Forecasters are predicting the first storm of the new year this weekend with wind, rain and possibly snow across the region.
According to the National Weather Service, rain is predicted for Saturday afternoon. High temperatures will be near 62 and wind gusts could reach 15 mph. Thunderstorms are possible through Saturday night with a 50 percent chance showers persist into Sunday. The weather is expected to clear Sunday with a high near 62 and light, variable winds. By Monday, temperatures are predicted to be bear 64 with clear skies.
“There is a high likelihood that a High Surf Advisory will be needed across the Central Coast from Saturday morning through Monday morning, and moderate confidence a high surf advisory may be needed for the Los Angeles and Ventura County beaches during that time,” said a NWS alert. “Breakers of up to 10 to 14 feet with max sets to 17 feet will be possible for the Central Coast, with surf of 7 feet or higher possible for west-facing beaches of Ventura and Los Angeles Counties.”
The alert said dangerous rip currents are also possible.
Caltrans said it’s preparing local highways for rain and the possibility of snow below 4,000 feet in nearby mountain areas.
“The mountain and pass regions will be preparing the highway in advance of the storm with deicing agents, said an Caltrans in a statement. “Snow plows and other equipment are ready, and staff will be working 24/7 during the storm event. Motorists are advised to avoid travel during storm events and to slow down! Chains will be required in mountain areas. Remember to bring chains even if it not snowing due to sudden weather changes.”
Officials said mud and debris flows are also possible during heavy rain, particularly in recent burn areas.
“For post-fire storm activity, all Malibu residents are urged to be prepared for potential flooding, mudslides, debris flows, power outages and evacuations, with dangerous road conditions including water, rocks and debris in roads, and malfunctioning traffic signals,” said a storm warning from the City of Malibu. “Mud and debris flows can have a devastating impact, including loss of life and home. Residents are urged to prepare for possible evacuations. Evacuation orders should not be taken lightly and are ordered because there is a threat to life and property. Due to the potential for outages in parts of Malibu, it is possible that residents may not receive emergency alerts. Please monitor storm conditions on local news radio, and if possible, the National Weather Service at https://www.weather.gov/lox. If heavy rain persists, do not wait for evacuation orders – leave early.”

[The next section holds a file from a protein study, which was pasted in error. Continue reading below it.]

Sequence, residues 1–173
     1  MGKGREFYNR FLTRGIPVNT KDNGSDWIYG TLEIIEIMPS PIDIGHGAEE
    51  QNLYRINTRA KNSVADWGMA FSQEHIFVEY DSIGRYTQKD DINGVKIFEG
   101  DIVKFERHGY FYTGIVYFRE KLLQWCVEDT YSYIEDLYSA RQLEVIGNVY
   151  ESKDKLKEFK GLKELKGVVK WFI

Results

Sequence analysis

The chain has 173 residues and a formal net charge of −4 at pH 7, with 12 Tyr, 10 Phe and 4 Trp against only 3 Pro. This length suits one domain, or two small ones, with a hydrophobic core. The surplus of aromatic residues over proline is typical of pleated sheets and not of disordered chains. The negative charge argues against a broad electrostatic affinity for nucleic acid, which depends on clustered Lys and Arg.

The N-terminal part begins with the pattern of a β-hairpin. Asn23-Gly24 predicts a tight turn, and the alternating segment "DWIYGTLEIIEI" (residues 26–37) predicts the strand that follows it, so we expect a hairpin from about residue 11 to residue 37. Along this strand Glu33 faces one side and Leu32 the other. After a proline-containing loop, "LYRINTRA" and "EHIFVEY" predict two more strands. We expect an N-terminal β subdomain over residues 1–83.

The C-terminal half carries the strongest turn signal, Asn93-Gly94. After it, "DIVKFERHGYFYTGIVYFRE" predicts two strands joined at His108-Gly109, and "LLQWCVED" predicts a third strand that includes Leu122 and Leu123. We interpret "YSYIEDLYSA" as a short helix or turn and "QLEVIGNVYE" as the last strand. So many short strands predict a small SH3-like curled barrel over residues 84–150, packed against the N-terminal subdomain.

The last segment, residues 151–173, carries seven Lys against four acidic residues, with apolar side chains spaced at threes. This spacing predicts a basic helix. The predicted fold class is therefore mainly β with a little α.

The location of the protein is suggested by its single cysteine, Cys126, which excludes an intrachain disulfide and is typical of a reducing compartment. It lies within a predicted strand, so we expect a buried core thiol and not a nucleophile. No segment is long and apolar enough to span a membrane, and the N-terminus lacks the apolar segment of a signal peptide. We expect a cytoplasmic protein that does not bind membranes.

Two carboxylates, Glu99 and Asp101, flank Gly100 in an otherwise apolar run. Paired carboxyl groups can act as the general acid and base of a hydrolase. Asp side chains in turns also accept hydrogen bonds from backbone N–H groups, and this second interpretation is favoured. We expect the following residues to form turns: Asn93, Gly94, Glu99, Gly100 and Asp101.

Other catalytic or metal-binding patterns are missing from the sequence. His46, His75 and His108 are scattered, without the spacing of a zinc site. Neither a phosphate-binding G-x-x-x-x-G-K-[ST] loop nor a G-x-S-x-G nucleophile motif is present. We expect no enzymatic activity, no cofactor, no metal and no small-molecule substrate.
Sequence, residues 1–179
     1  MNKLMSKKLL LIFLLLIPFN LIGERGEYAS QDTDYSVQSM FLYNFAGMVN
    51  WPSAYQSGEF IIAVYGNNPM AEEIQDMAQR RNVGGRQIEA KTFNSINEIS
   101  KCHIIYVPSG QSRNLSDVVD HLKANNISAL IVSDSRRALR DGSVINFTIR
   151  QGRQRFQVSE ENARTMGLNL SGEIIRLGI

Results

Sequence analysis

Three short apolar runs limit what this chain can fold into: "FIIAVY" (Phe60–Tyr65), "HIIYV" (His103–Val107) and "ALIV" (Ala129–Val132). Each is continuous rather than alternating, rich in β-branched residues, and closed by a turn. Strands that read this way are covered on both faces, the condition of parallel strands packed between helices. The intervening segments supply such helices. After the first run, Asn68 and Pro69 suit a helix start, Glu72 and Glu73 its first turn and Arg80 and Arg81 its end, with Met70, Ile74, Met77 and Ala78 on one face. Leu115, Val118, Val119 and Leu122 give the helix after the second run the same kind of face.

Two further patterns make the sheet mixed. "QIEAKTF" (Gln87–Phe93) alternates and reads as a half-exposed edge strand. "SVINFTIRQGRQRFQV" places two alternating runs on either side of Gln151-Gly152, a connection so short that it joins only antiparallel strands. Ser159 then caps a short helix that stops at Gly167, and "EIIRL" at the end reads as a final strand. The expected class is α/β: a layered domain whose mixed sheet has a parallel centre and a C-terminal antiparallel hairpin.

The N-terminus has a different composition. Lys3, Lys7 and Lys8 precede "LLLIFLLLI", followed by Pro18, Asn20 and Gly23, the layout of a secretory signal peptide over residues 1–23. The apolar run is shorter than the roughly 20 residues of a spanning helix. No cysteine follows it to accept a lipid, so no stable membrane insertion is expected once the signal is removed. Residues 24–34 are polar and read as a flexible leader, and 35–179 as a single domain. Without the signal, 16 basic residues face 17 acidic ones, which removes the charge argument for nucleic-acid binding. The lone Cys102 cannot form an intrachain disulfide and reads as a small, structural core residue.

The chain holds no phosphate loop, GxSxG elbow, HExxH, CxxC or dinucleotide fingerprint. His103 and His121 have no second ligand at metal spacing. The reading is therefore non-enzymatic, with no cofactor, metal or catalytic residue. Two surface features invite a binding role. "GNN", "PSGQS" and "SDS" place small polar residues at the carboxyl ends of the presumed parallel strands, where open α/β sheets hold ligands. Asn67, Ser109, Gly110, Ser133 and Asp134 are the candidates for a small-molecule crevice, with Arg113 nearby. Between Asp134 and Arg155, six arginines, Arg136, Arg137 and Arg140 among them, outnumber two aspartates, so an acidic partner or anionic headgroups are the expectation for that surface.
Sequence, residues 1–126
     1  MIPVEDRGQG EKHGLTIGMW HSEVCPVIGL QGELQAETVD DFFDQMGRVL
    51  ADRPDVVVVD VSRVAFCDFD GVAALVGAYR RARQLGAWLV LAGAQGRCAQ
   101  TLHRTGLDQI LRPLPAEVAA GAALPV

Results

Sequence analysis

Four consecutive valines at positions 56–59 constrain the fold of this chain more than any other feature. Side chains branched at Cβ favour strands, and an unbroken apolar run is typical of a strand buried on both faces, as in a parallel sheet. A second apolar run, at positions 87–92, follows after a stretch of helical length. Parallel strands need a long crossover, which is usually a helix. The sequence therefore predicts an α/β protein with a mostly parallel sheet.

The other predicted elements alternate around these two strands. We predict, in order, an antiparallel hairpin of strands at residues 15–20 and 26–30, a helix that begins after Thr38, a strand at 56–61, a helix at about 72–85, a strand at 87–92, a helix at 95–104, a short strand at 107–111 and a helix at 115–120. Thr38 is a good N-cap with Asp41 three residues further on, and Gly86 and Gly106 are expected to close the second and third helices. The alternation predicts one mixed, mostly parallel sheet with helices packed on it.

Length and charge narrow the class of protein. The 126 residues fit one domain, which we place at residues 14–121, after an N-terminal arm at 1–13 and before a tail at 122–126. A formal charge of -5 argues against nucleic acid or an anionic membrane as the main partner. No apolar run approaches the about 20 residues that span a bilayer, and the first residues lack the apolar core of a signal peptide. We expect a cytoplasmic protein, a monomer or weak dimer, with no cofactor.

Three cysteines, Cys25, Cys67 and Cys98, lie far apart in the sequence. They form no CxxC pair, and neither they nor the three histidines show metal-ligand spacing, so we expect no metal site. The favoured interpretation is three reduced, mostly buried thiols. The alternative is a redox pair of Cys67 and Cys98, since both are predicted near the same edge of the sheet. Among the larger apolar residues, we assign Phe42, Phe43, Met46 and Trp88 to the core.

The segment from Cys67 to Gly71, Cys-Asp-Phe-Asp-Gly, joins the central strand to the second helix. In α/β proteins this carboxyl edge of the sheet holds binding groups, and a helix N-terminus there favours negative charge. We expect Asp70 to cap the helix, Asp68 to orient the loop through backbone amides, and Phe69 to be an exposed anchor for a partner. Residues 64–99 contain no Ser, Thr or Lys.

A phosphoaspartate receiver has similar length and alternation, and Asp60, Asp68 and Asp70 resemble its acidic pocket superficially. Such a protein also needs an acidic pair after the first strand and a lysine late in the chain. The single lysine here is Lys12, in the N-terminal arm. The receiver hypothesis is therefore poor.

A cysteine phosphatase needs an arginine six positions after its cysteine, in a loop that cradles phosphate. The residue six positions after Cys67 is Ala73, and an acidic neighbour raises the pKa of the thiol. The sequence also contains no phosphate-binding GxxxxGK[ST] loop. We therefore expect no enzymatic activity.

Malibu officials said locals should not attempt to remove burn debris before the rain due to the presence of hazardous materials that can threaten public health.
“No debris removal from burned properties is allowed until inspections by state and county health officials have been completed and properties have been approved for debris removal. Burn debris must be properly inspected and disposed of,” said the warning.
Significant rain is expected in January. According to NWS, January is the second wettest month of the year with an average rainfall of about 3.12 inches (behind February). The average January high temperatures is 68 and the average low is 48. The month has a mean of seven rain days and 14 with clear skies. The warmest January on record was in a high of 95 in 1971 and the coldest was in 1949 with a low of 28.
The weekend storm follows a week of flipped expectations throughout the Western United States, with snow falling on cactuses in the Arizona desert and Anchorage seeing balmy weather — at least by Alaska standards.
In Phoenix, the overnight low was 30 degrees for the first time in five years last week. The Tucson area saw as much as 6 inches of snow.
“It was pretty magical,” said Jessica Howard, a resident of the Tucson suburb of Vail who took her 8- and 5-year-old children to play in the snow. “My social media feeds are like 100 percent snow pictures right now.”
Snow dusted cactuses and mountains in southern Arizona and covered the Grand Canyon in the north.
Elsewhere, the National Weather Service issued a freeze warning in the Nevada county where Las Vegas is located. Snow fell and stuck Tuesday on a desert highway over a mountain just 20 minutes outside Sin City.
Albuquerque, New Mexico, saw heavy snowfall and icy roads that caused many government agencies and schools to close.
The cold weather and snow is “quite uncommon” for the area, said Glenn Lader, a National Weather Service meteorologist in Tucson. Nogales, an Arizona city on the Mexico border, had about 6 inches of snow, he said.
Meanwhile, some parts of Alaska rang in the new year with relatively balmy weather for the region that helped melt snow in Anchorage. A change in the jet stream brought warmer air from the south, taking the temperature to 42 degrees on New Year’s Day.
It was a nice respite from a winter mix that left 32.6 inches of snow on the ground in Anchorage in December, with most of it falling during the last half of the month.
Colder weather was in the forecast, with high temperatures dropping to the teens or even single digits.
The Associated Press contributed to this report.
Weather Forecast and Advisories
National Weather Service LA/Oxnard: https://www.weather.gov/lox.
Interactive Map of Potential Debris Flow Hazard Areas
For current road closures, visit https://dpw.lacounty.gov/roadclosures/.